On an August day last summer, John Koch, executive director of student support services at Gresham-Barlow School District, was sweating bullets.
It was mostly due to the 95-degree Ohio heat at his parents' place, but Koch was nervous. He had to decide whether or not to shred 3,000 students' special education files now that Novitas Data had digitized them.
He decided not to.
But ever since, the thousands of pounds of paper have just been sitting untouched in file cabinets.
Novitas Data was right: Gresham-Barlow wouldn't miss them.
"Our files are now safer and more secure than they ever have been, and they're more easily accessed," Koch said.
The school administrator estimates that through more efficient use of school staff's time, it will take 18-24 months to earn back the cost of having Novitas Data scan and organize the more than 1 million pages of students' special education documents.
The $68,155 contract, paid for out of bond funds, means that, for example, physical therapists don't have to go back and forth to the district office anymore, checking paper files in and out. And school secretaries don't have to spend what Koch estimated to be 45 minutes per file finding them and mailing them to students' new schools at the beginning of the year.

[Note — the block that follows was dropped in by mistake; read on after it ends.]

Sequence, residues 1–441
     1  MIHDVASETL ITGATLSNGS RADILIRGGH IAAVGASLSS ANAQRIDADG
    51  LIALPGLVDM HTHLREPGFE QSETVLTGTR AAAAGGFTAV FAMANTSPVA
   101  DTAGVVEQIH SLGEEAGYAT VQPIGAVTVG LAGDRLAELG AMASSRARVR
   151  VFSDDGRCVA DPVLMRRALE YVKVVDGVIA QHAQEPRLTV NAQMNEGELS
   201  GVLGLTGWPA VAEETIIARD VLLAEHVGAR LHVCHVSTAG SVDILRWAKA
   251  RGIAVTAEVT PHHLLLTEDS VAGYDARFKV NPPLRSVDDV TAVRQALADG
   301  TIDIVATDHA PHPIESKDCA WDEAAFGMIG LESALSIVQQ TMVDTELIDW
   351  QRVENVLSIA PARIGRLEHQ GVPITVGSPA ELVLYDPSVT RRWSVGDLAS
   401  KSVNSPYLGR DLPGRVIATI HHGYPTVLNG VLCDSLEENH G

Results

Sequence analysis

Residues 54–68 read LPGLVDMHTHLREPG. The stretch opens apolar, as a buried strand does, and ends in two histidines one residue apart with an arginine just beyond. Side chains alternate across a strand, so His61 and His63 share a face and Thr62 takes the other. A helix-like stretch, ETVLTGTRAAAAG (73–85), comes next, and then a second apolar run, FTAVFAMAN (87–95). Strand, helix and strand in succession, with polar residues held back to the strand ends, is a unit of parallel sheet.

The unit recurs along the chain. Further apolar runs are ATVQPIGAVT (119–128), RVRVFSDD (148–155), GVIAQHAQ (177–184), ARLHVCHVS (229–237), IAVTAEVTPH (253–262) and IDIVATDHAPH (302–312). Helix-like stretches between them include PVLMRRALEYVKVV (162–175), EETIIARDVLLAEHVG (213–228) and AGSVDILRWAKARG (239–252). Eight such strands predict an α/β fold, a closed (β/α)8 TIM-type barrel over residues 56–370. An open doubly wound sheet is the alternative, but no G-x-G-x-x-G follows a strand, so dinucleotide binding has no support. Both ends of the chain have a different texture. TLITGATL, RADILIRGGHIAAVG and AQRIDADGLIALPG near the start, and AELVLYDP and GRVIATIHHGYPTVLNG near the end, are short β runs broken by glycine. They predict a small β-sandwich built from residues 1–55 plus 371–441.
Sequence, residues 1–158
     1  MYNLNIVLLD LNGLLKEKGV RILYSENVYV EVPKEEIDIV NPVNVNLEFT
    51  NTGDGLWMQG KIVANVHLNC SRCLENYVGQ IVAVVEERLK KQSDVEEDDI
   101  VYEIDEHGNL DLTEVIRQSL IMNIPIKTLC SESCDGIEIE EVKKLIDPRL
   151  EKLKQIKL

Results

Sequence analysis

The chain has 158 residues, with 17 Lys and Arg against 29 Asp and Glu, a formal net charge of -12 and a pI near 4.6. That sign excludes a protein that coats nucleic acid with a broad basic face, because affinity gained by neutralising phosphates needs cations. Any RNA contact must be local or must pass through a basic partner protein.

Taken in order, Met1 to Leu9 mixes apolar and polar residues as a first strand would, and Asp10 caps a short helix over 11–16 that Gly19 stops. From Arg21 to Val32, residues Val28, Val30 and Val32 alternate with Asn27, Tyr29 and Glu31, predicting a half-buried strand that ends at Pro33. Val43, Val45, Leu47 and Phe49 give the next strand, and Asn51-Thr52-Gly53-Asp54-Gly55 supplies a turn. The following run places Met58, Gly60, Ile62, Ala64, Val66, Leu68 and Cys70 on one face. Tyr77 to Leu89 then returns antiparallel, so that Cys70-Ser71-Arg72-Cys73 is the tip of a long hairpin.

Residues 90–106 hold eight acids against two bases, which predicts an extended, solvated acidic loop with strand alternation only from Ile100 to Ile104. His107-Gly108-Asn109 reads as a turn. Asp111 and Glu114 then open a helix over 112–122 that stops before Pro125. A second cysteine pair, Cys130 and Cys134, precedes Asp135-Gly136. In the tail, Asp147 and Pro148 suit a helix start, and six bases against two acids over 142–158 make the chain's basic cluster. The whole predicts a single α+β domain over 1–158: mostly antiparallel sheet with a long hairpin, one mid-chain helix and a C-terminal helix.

"Now that's turned into a three-to-four minute exercise," Koch said.
The Gresham-Barlow administrator was turned on to the service by Chris Torrey, a Sam Barlow High School graduate and now a parent in the district. Torrey is an account executive at Novitas Data, which built its local business mostly through organizing legal firms' and other corporations' paperwork.
"We have been scanning sensitive documents for a long time," Torrey said.
Novitas Data started in 1997 as Pacific Legal, a photocopying service, but has expanded to digital files, keeping them secure through trained staff and scanners that are not connected to the internet.
After a couple months of Novitas Data's work, Gresham-Barlow staff now look at, and add to, these electronic files through secure connections via DocuWare — the software program that accesses the new files. The electronic files are also keyword-searchable.
Koch said other departments in Gresham-Barlow are thinking about digitizing their files, too. Soon, all student files in the district could be electronic.
Torrey said Novitas Data already has a contract with Reynolds School District to scan their files in January. Otherwise, he said most schools still organize their student files in boxes or cabinets in a room somewhere.
"It's easy to say most school districts do not have an organized, digitized database of student files," Torrey said.
Koch said he still has a hard time letting go of the paper files. But he's glad he and his staff can work more efficiently without them now.
"I think it's the wave of the future," Koch said.
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